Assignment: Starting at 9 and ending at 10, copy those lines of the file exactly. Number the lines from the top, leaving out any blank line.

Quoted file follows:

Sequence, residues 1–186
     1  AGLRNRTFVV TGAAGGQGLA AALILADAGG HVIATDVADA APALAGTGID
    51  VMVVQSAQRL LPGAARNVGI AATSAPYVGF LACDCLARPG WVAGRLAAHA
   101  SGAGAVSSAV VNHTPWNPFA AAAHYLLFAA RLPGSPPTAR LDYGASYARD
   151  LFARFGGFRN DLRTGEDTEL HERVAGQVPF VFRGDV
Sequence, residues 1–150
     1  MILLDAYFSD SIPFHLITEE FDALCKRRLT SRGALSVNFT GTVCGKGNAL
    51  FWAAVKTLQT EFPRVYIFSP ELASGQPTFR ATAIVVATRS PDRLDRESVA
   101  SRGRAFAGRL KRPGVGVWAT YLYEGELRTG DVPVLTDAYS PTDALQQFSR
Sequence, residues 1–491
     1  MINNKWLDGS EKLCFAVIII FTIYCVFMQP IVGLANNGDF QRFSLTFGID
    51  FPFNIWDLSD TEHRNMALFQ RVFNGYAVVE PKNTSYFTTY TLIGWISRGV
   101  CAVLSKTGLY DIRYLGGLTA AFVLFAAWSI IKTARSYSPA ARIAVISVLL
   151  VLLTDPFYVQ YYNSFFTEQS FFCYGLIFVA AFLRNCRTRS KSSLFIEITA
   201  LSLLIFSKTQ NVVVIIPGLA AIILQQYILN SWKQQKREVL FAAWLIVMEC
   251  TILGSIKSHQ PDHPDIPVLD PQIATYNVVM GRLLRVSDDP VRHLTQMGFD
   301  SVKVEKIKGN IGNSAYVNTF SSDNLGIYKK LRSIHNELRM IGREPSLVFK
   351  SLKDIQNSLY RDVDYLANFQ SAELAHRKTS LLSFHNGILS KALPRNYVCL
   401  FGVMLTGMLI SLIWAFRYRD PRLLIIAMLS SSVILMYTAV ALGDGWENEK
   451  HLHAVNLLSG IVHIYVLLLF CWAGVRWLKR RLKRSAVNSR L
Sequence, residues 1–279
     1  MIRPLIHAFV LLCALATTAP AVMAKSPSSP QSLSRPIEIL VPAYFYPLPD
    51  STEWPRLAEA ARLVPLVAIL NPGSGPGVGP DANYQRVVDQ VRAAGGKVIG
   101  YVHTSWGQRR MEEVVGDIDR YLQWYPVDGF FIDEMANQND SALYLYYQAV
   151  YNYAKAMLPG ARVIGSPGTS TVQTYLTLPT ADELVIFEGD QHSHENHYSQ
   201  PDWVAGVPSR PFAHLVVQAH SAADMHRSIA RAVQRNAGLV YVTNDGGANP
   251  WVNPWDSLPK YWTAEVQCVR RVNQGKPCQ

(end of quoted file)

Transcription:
   101  SRGRAFAGRL KRPGVGVWAT YLYEGELRTG DVPVLTDAYS PTDALQQFSR
Sequence, residues 1–491